Review Summary: The sum of its parts, though the album may not be spectacular when broken down it is of substantial quality when viewed as a whole.10 of 12 thought this review was well written
Marilyn Manson is something of an enigma. So much around him is based on image, controversy and his media persona. And perhaps this adds a certain feel to his music, but I feel the best way to listen to the mans albums are to forget who he is and just listen.
In the case of Holy Wood, this means you can appreciate a remarkable album. Consisting of 19 songs (though my copy has a terrible acoustic rendition of the Nobodies, avoid at all costs), its an epic effort all things considered. Another thing is that it really is an album rather than a collection of songs. The best way to listen to this is all the way through, and actually listen rather than have it on in the background. It is then that you can understand that this is based around an concept, a subverted vision of the 'glamorous' world of Holy Wood and the problems that arise from within it, be they the dissent of those who are nothing (the Nobodies) or criticism of what man has become (Cruci-fiction in Space)
This however is where the length of the album works against it. It is dificult to listen to 19 songs by one artist, even if the invention and variation are well above average. That this is so long means it is less likely to be heard as it should be, as one piece of work.
The music itself though, for the most part, is extremely good. The singles (The Fight Song's onslaught,The Nobodies scary dissent and Disposable Teens' menacing swing rythm) are easily accessible but remain intelligent music. The bookends (God eat God and Count to 6 and Die) are excellent, the latter especially providing a chilling finale to the proceedings with its empty gun shots. Furthermore, there are some absolutely brilliant songs on here which work within the album. Target Audience and Valentines Day in particular are impressive. Target Audience contains some of the only really genuine sounding emotion from a Manson song I can think of, whislt Valentines Day's shimmering guitar sound gives the song an outstandingly menaing and ethereal to a song which conjures up a dark world.
Not all the songs are up to a very high standard though. This may be inevitable in a 19 track abum, but it begs the question why Cruci-fiction in Space and the Fall of Adam in particular are kept. Despite some interesting lyrical ideas, the songs are boring and pointless, lacking in the inspiration of some those surrounding them.
As I said, the lyrics are the strongest parts of these failures, and fortunately the lyrical standard is high throughout. Despite a couple of just plain bizarre proclamations (if Jack was a baptist, we'd drink wine from his head,) The general messages are excellent. The Fight Song could well be one of th rants spouted by Tyler Durden in Fight Club, whilst Coma Black perfectly conveys the despondancy and anger at living in this world but not really living (this was never my world, you chased the angel away, I killed myself to make everybody pay.)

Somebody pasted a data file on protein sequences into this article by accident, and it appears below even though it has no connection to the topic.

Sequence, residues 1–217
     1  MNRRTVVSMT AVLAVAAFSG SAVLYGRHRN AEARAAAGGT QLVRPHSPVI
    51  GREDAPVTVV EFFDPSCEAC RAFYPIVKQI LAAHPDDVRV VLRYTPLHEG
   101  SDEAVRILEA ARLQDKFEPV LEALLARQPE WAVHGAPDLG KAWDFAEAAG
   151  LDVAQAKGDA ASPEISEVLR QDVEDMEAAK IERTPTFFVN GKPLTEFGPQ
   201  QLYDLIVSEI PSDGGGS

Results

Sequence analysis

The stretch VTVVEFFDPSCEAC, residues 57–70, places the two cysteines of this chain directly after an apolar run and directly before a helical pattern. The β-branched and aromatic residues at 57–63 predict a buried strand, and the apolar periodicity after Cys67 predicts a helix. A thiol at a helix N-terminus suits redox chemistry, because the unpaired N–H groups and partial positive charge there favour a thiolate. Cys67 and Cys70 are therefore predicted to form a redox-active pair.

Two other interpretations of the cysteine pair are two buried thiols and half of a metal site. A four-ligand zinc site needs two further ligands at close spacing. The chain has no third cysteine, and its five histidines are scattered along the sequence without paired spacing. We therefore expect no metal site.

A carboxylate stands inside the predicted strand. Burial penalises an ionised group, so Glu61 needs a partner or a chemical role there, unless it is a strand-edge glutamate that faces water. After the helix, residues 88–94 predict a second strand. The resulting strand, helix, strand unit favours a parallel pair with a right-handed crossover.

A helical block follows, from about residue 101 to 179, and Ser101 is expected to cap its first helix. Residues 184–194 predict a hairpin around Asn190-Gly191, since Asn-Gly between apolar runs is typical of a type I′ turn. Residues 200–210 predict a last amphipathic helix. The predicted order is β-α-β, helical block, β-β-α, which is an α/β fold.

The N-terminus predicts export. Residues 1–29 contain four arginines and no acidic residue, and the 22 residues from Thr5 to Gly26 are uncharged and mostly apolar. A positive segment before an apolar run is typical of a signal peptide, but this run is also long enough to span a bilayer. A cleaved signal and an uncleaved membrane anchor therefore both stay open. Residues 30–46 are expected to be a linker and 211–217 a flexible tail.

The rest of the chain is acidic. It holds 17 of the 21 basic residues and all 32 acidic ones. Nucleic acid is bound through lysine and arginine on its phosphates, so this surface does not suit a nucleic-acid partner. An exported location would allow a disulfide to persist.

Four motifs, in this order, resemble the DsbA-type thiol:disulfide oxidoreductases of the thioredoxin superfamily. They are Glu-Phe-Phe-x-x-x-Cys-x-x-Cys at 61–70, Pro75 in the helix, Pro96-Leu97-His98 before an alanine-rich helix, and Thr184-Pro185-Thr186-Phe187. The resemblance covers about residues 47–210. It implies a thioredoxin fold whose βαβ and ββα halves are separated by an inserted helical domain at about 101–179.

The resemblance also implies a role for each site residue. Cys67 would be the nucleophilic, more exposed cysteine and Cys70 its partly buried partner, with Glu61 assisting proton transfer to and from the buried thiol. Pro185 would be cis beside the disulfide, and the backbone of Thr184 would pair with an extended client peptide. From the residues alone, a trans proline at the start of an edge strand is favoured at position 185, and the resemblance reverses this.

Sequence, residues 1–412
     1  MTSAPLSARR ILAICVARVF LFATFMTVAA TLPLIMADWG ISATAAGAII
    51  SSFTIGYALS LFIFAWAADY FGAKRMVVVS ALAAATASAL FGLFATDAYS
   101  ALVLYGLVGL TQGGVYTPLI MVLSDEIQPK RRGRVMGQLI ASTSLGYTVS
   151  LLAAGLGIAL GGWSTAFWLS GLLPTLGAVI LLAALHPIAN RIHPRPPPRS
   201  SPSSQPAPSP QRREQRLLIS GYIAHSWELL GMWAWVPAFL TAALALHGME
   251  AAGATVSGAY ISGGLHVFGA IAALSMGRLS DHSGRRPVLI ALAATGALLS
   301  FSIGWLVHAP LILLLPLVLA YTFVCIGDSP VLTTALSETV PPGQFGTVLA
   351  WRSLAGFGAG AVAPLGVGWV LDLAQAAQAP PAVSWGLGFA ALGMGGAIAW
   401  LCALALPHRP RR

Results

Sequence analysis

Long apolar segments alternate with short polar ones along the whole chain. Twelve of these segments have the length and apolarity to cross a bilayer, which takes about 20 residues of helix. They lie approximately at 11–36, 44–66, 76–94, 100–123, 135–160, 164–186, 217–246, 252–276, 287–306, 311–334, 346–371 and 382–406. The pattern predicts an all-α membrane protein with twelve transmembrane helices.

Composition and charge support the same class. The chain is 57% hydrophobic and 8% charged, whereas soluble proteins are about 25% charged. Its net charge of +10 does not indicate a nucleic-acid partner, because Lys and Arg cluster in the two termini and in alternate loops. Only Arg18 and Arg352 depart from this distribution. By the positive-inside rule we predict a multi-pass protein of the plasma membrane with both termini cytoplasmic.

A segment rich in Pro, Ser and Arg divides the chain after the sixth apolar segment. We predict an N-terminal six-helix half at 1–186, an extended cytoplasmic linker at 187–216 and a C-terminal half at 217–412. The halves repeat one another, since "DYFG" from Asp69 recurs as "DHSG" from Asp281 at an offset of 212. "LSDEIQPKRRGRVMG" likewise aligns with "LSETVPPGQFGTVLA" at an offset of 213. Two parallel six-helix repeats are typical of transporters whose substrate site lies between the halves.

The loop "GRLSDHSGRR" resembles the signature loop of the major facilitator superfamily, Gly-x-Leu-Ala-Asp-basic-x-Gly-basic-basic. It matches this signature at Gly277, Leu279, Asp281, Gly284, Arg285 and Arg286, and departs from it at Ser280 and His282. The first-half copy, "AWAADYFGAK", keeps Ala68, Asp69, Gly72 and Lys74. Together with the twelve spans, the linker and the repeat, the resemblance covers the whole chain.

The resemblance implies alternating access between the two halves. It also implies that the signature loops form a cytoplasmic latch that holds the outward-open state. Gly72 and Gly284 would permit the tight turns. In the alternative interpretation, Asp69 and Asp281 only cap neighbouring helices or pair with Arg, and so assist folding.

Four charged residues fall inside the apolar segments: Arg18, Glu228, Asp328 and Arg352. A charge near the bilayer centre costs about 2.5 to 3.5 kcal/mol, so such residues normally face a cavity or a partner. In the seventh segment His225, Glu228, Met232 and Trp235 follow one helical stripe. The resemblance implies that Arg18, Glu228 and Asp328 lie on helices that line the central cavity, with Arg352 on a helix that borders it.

One of Mansons biggest assets is that he can write the songs to support the lyrics. Though he maintains instrumental parts without much variation, he is constantly adding to the overall sound by including discordant accompaniement (see President Dead and Valentines Day,) as well as using an array of inhuman sounds to create his world. The riffs are simple, but then they are really only a tool, used to create an overall product rather than relying on themselves.
This however means that the musicians are pretty wasted, especially John 5 who we now know is capable of shredding with the best of them. Though his playing i immaculate through the album, and his little touches make the riffs that little bit more intersting (bending the last chord of the riff in the Fight Song adding a wry sarcastic feel), it is a pity that such a talent was not used to his full extent.
That said, despite neglecting his band Manson himself puts in a stellar performance. Though he might not be the best singer in the world, he is an instantly recognizable and quite versatile vocalist. His voice is perfectly suited to the soundscapes created, be it the brutal Burning Flag or the bitter sweet Coma Black. He also creates a great overall sound, allowing all the instruments to fill the speakers.
All in all, Holy Wood is a package. Not a huge amount within the album stands out on its own, except perhaps the lyrics, but it is all good enough that when it comes together the overall product is one of excellent quality. A few needless songs aside an a wasted opportunity to use a stellar guitarist aside, this is an excelent album from a man who is, when it comes down to it, a highly skilled writer of conceptual music.